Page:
property to check if both strings have the same number of characters, which is an important feature of anagrams.

This is probably one of the less challenging challenges (no pun intended) — in terms of difficulty — but that doesn’t detract from the fact that you could come across it during a job interview. It goes like this.

You can state the vowels challenge as follows: write a function that takes a string as argument and returns the number of vowels contained in that string.

The vowels are “a”, “e”, “i”, “o”, “u”.

Examples:

```
findVowels('hello') // --> 2
findVowels('why') // --> 0
```

Here’s a simple iterative solution to the Vowels challenge:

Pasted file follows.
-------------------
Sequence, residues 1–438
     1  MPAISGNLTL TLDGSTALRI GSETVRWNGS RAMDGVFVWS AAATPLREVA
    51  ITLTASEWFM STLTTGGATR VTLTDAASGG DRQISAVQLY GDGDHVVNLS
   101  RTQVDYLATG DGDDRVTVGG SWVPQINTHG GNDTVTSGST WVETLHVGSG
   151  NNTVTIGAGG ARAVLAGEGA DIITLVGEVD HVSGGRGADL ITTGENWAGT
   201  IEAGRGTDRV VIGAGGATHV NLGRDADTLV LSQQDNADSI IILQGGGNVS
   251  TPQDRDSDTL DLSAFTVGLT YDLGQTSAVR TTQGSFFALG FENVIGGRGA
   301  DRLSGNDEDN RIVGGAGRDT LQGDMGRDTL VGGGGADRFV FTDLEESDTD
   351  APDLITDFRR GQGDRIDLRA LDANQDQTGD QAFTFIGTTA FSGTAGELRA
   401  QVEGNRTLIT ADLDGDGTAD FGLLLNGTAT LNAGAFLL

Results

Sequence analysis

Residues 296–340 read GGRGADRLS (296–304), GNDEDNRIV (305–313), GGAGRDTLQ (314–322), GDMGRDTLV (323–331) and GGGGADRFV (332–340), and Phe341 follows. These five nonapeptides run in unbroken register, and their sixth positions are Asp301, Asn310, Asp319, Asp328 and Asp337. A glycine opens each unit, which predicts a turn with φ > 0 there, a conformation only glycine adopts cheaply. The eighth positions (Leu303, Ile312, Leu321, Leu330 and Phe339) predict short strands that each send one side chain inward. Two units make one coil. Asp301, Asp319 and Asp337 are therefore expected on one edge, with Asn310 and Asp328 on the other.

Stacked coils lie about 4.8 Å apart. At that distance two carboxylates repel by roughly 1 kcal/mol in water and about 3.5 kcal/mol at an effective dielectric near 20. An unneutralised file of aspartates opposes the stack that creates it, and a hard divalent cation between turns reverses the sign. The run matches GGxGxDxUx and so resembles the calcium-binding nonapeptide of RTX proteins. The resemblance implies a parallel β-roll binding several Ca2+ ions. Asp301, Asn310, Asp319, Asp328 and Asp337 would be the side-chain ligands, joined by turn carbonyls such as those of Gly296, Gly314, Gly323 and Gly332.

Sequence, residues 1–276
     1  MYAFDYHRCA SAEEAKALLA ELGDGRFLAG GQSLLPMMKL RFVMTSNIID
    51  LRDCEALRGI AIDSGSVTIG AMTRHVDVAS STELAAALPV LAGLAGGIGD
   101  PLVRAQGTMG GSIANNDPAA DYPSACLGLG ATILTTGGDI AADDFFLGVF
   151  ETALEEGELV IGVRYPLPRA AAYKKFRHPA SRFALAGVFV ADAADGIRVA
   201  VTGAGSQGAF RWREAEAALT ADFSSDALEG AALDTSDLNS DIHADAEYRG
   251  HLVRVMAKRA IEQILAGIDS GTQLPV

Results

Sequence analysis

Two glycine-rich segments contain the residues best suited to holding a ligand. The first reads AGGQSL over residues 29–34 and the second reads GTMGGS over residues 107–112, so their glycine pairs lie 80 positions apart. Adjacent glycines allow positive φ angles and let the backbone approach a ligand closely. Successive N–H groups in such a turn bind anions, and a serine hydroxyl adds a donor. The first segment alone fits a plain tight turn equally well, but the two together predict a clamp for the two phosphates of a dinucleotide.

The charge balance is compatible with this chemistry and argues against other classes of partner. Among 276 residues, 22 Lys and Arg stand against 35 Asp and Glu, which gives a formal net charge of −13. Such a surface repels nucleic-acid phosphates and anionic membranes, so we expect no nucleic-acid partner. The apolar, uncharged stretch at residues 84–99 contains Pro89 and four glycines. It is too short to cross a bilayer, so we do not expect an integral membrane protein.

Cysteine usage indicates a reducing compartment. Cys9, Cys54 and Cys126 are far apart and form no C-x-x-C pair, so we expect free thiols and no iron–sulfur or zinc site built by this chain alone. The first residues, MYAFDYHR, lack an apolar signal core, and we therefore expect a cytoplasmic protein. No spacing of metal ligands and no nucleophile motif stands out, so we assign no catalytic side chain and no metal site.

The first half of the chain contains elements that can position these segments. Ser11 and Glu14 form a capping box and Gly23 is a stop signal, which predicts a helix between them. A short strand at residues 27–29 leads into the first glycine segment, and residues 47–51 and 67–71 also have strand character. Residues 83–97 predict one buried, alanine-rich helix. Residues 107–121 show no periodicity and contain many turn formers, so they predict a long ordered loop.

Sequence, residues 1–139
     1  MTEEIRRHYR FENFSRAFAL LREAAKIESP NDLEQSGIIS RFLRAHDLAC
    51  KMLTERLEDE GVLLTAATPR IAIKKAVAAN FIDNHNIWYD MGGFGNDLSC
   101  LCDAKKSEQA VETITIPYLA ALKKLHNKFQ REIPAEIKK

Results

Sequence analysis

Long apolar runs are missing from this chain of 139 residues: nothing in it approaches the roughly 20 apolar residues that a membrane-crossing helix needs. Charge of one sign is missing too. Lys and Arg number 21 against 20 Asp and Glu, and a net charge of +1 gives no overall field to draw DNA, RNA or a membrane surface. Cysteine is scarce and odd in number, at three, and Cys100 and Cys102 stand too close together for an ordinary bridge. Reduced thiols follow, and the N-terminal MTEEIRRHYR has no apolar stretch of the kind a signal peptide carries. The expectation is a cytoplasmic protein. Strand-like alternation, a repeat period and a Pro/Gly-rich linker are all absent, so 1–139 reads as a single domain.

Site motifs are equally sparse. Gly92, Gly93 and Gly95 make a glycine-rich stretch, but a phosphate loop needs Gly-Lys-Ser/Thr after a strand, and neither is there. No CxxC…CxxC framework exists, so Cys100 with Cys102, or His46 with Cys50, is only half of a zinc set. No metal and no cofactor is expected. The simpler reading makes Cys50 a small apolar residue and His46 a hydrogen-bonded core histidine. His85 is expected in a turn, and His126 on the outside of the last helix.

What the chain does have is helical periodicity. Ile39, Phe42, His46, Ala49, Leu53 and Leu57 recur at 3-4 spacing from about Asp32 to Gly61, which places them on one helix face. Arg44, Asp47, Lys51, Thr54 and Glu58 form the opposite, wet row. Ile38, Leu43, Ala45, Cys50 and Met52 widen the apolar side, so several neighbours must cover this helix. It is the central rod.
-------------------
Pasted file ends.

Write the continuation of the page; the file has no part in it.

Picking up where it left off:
```
const findVowels = str => {
let count = 0
const vowels = ['a', 'e', 'i', 'o', 'u']
for(let char of str.toLowerCase()) {
if(vowels.includes(char)) {
count++
}
}
return count
}
```

The one thing to notice here is the use of the .includes() method. This method is available both on strings and arrays. You can leverage it to determine if an array contains a certain value. It returns true if the array contains the specified value and false if it doesn’t.

There’s also a more succinct solution to this challenge, which you can set up as follows:

```
const findVowels = str => {
const matched = str.match(/[aeiou]/gi)
return matched ? matches.length : 0
}
```

The solution above revolves around the String’s .match() method. Its use in conjunction with a regular expression enables you to perform powerful searches. If the pattern of the regular expression you pass as argument to this method is found inside the specified string, the return value will be an array of the matched characters. In case no matches are found, `.match()`

will return `null`

.